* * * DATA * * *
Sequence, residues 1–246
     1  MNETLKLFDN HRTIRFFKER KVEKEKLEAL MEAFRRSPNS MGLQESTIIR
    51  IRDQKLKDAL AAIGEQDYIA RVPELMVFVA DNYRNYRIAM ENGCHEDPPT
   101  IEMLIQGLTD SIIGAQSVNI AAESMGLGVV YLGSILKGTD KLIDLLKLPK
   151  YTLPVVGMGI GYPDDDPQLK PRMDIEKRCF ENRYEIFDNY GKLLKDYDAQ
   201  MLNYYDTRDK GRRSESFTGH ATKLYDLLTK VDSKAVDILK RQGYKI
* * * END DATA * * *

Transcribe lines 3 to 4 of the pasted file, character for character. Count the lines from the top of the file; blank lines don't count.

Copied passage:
    51  IRDQKLKDAL AAIGEQDYIA RVPELMVFVA DNYRNYRIAM ENGCHEDPPT
   101  IEMLIQGLTD SIIGAQSVNI AAESMGLGVV YLGSILKGTD KLIDLLKLPK